The trade gap narrowed by 8.6 percent to $38 billion, the lowest level since October 2002, from a revised figure of $41.6 billion in October, according to figures released by the Commerce Department.

Exports jumped by 2.8 percent to $90.6 billion, the highest level since January 2001, mostly on strong overseas sales of civilian aircraft and consumer goods such as pharmaceuticals, artworks and antiques.

U.S. exports, which had risen steadily since May 2003, have been helped by the weaker dollar and a pick-up in economic activity overseas.

However, the total January-November trade 

deficit of $446.8 billion indicates that figures for the entire year will show another record-breaking trade gap for 2003. In 2002, the deficit amounted to $418 billion.

A $1 billion drop in imports to $128.6 from an October record monthly high of $129.7 billion reflected lower U.S. demand for energy products, particularly oil, and consumer goods such as apparel, household goods, and toys, games and sporting goods.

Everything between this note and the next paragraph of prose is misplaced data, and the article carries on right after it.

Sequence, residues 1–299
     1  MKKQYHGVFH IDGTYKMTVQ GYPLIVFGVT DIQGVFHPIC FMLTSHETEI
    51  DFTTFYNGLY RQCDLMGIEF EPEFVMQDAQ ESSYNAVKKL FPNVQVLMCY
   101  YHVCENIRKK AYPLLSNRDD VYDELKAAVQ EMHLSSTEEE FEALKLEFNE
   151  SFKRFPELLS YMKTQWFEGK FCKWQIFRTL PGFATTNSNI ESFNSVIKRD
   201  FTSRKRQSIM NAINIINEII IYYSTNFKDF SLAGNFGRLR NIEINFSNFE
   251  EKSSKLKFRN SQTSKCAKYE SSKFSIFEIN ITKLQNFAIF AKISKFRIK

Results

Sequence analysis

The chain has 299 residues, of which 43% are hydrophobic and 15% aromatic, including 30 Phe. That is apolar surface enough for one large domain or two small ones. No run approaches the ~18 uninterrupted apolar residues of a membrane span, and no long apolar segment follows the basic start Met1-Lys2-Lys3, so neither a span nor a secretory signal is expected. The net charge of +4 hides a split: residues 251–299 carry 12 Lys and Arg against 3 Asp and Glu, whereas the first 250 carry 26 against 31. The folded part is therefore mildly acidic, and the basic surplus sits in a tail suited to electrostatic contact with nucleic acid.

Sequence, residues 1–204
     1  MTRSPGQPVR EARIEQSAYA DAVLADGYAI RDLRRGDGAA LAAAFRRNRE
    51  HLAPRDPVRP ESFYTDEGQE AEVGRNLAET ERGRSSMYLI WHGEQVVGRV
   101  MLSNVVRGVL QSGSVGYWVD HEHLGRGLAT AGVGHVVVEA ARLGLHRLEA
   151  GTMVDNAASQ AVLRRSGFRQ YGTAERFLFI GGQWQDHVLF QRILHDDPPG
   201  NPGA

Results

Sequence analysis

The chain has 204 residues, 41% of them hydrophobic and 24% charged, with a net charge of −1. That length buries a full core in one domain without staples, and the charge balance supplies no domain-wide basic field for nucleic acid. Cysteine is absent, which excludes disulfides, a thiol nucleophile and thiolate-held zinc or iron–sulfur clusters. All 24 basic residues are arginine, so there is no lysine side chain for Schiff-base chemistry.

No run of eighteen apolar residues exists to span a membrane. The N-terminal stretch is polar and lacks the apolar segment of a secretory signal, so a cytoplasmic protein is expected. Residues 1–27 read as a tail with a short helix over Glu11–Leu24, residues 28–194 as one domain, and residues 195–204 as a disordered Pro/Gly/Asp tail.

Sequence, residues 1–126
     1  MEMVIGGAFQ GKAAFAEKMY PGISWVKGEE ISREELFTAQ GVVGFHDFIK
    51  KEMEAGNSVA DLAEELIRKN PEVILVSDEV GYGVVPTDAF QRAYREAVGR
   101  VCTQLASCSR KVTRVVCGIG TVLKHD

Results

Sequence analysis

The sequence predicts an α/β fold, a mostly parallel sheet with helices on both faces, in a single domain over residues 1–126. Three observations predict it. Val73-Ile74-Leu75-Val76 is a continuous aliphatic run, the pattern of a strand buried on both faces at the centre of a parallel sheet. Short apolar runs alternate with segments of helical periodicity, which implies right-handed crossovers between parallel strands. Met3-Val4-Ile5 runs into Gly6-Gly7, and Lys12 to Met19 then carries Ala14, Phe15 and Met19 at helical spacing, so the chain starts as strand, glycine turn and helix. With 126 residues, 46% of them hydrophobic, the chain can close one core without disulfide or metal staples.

The trade in goods deficit with China, the largest contributor to the overall U.S. deficit, fell to $10.8 billion from a record of $13.6 billion in October as imports from that country plunged to $14.1 billion from $16.4 billion, a 14 percent drop from October. The deficits with two other major U.S. trading partners, the European Union and Japan, also declined by wide margins to $7.3 billion from $8.7 billion, a 16 percent decline, and to $5.7 billion from $6.4 billion, an 11 percent decline.

Jo Stuart
About us